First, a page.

White athletes who played cornerback prior to joining the NFL are often moved to safety, or choose to change positions because they do not want to feel like they do not belong.

The last white NFL cornerback, the New York Giants Jason Sehorn, believes that this is not connected to racism but is a “cultural issue and a confidence issue.”

Conversely, fewer black athletes than white athletes hold other positions, including starting quarterback. Out of 32 starting quarterbacks this year, four are black and three are biracial.

Since people are accustomed to seeing either black and white athletes in certain positions, athletes experience pressure to undertake positions expected of them, limiting career choices and forcing different standards and paths toward the future on athletes based on their race.

In an article on “The Undefeated”, sociologist Harry Edwards argues that tradition is hard to break, saying, “You can’t just come in and show somebody that a black center is as good as a white center …  You’ve got to come in and show that he is better.”

Pressure to outperform teammates deters athletes from positions they might otherwise want to pursue such as quarterback and center, which may lead to coaching opportunities.

According to a 2013 study by SB Nation, 62 percent of black athletes who played quarterback in high school changed positions in college, in contrast to 16 percent of white athletes.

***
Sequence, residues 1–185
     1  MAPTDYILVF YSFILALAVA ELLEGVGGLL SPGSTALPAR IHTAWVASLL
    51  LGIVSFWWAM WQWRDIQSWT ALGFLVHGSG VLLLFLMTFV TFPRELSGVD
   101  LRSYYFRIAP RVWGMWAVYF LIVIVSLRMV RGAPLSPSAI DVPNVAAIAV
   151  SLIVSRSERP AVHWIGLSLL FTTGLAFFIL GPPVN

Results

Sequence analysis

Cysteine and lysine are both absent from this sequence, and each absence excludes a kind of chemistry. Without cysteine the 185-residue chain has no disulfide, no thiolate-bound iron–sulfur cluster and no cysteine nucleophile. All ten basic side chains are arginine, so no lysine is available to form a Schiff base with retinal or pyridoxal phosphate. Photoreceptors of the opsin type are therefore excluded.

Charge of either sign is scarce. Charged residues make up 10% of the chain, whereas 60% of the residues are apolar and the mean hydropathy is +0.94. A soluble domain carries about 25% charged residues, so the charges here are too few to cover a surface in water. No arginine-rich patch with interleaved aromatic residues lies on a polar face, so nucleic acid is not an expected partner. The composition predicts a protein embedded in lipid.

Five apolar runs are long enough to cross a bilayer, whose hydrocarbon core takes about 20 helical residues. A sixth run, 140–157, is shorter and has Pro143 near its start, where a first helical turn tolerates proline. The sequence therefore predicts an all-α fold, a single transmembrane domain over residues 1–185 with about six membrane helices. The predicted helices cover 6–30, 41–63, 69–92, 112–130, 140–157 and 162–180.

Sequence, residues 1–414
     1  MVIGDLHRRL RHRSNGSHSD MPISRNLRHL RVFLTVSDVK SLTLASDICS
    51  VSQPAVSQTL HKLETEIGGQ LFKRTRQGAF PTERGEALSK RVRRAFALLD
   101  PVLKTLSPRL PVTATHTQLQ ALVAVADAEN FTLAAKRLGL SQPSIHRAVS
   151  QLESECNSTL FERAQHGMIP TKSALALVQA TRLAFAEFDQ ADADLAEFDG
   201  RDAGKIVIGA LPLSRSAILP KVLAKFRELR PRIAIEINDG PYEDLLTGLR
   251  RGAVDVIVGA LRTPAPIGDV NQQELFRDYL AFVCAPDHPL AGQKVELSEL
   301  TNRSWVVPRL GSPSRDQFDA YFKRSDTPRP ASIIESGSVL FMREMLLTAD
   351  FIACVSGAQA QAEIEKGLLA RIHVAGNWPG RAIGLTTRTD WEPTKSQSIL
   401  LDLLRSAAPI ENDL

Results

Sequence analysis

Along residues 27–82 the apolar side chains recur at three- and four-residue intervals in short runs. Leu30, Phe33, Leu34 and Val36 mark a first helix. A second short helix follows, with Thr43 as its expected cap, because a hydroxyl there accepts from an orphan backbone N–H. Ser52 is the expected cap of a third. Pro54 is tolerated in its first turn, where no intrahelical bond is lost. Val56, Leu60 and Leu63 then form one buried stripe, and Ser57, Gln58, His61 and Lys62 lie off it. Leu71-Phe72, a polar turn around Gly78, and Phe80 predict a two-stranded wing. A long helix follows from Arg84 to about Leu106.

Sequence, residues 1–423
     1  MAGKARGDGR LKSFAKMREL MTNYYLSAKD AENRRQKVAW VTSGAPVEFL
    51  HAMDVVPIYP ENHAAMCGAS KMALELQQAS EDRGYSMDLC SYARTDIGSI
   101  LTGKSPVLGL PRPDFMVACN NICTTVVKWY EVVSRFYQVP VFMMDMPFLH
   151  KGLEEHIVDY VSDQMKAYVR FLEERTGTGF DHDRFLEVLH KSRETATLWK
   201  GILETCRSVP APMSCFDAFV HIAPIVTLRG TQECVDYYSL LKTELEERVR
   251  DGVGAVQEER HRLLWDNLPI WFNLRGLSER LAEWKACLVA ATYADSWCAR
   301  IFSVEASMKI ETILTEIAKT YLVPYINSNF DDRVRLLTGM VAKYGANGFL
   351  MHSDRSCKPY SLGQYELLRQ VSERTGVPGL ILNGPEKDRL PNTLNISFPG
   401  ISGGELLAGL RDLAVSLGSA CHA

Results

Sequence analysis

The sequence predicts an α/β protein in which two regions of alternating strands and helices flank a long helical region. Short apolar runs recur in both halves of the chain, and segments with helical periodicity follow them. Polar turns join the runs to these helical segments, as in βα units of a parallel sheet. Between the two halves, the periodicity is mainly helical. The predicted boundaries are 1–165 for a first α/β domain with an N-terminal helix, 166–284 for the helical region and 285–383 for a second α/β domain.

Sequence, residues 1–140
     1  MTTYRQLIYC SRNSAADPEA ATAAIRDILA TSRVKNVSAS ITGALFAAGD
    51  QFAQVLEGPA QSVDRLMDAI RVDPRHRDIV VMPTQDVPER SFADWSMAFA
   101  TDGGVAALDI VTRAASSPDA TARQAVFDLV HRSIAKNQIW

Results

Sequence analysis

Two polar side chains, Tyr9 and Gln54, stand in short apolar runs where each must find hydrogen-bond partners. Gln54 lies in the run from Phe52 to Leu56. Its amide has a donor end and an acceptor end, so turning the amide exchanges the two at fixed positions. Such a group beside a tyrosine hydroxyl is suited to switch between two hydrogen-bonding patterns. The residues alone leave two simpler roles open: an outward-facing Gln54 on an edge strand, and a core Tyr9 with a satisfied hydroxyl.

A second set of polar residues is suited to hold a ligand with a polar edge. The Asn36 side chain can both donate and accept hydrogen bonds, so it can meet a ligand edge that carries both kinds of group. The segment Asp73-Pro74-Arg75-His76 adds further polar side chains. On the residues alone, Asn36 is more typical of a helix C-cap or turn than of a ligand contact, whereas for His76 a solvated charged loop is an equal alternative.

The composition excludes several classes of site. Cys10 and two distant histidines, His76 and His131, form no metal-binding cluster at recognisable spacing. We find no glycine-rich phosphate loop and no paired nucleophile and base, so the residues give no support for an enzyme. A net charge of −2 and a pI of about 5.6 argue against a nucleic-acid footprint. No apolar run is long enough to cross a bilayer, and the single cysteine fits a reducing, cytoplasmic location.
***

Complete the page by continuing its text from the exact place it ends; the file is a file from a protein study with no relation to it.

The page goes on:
Differences in representation among coaches is especially apparent in college sports.

According to ESPN, 84 percent of basketball, 92 percent of football and 95 percent of baseball head coaches were white in combined divisions in 2016.

Seeing few black coaches, young black athletes may feel discouraged from considering and pursuing coaching jobs — and discouraging protest reinforces the expectation for athletes to accept their positions without questioning.

Opposition to protests not only impacts professional athletes, but high school athletes as well.

According to New York Times, a coach in Texas kicked two black high school football players off a team because one student kneeled and the other student raised his fist in the air during the national anthem.

But in other schools, coaches support their students’ decision to kneel. Last year the entire football team of Mission High in San Francisco took a knee before a game, with black, white, Hispanic and Asian students united in protest.

Adults are not the only ones protesting — students our age are speaking up for their beliefs.

Open discussion is crucial to address double standards, not only in sports, but also in other aspects of life, since issues that exist in sports reflect larger issues in society. Instead of silencing individuals, progress requires that we approach these issues knowing that although they may be uncomfortable to talk about, it is necessary to do so.

Athletes of varying ages and backgrounds kneel because they want change and because they believe even small shows of support contribute to a shift in mindset, challenging us to examine what shapes our perspectives and how we can progress toward a level playing field for all.